My optician took the whole looking into my eyes thing a step further this afternoon. He went so far as to take phtographs.
I seem to have reached a new mark in deteriorating vision. The NHS has stepped in the shoulder some of the expense of new glasses. I have moved into the next category or lenses too – a millimetre or two thicker and a whole lot more expensive to boot.
I remember the days of my youth when I used to try to memorise the letters on the card in the moments where the man was fiddling with lenses, just a few minutes before he asked me to take my glasses off. I felt sorry that my eyes were not improving at all and I didn’t want to discourage him, or make him think whatever he was doing wasn’t working.
Now I am bleakly honest. I am having a tough time reading the big letters, loet alone the next line down. I confessed that we were moving into the realm of guess work. I couldn’t see them clearly but knew enough to know the tall ones could be T and L, and the wider ones could be W and M – anything else was pretty much a hazy blob. Just because I guessed right didn’t actually mean I could see them!
“Can you read the last line?”
I laughed. They were the tiniest dots that could have been absolutley anything. They were beyond deciphering.
He had a good look at the back of my eye by shining a light in them. I couldn’t help but take my eye off the light I was supposed to be looking at to marvel at all the tiny little blood vessels that I could see. Amazingly delicate and fragile – it just made we think about how wonderfully and fearfully I am made.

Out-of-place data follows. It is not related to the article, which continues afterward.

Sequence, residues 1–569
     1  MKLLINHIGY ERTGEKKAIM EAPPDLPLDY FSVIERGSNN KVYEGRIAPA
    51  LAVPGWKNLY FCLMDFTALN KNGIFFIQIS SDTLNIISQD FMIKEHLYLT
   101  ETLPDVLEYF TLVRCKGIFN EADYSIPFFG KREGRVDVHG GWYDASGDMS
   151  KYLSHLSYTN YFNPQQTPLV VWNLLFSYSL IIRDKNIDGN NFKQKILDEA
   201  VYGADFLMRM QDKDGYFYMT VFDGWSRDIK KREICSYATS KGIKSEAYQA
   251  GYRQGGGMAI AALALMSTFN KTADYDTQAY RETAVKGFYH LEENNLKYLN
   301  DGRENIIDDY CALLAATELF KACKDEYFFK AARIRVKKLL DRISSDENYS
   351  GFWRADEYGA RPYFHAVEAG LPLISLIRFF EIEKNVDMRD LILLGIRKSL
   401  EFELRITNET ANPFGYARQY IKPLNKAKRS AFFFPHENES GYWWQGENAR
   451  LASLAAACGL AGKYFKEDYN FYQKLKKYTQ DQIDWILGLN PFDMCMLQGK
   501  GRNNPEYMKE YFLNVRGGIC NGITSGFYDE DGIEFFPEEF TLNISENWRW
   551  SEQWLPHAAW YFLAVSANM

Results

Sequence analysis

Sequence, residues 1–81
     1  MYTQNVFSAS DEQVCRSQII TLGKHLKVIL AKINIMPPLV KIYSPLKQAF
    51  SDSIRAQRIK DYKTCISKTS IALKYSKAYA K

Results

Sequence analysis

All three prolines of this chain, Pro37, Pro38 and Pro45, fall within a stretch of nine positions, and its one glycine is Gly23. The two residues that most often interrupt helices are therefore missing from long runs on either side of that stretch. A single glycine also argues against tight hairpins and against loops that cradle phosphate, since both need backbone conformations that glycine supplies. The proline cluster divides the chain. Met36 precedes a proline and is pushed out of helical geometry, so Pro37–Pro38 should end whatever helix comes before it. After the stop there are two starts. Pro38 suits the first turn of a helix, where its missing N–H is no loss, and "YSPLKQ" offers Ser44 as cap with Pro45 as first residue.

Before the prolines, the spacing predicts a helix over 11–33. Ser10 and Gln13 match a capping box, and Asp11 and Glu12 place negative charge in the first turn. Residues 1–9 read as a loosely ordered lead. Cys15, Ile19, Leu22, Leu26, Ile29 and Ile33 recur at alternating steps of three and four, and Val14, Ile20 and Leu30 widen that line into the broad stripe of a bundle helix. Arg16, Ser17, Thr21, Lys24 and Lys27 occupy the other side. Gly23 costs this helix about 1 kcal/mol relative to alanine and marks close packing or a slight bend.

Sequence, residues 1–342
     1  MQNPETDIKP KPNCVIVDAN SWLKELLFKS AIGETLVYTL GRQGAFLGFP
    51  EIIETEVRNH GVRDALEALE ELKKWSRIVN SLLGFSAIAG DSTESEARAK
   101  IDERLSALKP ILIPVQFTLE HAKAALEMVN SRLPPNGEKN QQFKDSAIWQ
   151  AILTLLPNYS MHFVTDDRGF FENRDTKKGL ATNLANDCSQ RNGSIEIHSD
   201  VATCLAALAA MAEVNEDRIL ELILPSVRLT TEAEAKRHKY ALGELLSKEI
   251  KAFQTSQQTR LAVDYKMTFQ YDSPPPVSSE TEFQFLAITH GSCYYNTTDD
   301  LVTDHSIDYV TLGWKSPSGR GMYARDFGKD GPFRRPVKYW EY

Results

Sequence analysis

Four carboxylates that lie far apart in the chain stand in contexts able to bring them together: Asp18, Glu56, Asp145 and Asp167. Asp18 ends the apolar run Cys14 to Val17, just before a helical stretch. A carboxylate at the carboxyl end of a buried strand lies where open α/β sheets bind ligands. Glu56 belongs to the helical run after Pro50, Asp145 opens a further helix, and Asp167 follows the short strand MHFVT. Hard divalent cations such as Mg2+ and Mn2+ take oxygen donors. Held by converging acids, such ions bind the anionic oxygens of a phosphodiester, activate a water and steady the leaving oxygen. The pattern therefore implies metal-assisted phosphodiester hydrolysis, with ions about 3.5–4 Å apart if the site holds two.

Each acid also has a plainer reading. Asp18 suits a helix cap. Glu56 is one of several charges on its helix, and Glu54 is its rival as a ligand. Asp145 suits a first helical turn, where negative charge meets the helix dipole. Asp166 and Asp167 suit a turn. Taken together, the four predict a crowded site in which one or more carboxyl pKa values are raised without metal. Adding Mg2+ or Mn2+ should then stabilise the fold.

Then came the highlight – the photograph. If 20/20 is perfect vision, I am more than half blind in one eye at least. With diabetes cropping up in the family, the back of my eye is getting more attention.
The picture he downloaded to his computer looked like a dull orange planet.
He muttered and mumbled as he entered data into a programme and I resisted the urge to tell him to speak up. Wihtout my glasses on, I am a tad hard of hearing. He gave the eyes a clean bill of health and told me to come back in two years time – or earlier if I felt like it.
I’d asked him if there were any eye exercises I could do to improve my vision. He told me that the eye wasn’t a muscle, so exercising wasn’t going to help. Not really believing him I checked out the internet. A million webpages seem to disagree with him. I could, apparently, improve my vision and reduce my presription by half if I stare at dots on the screen whilst holding a pencil somewhere near the end of my nose.
I actually think I look better with glasses than without – so I will pass on the dots and the pencil.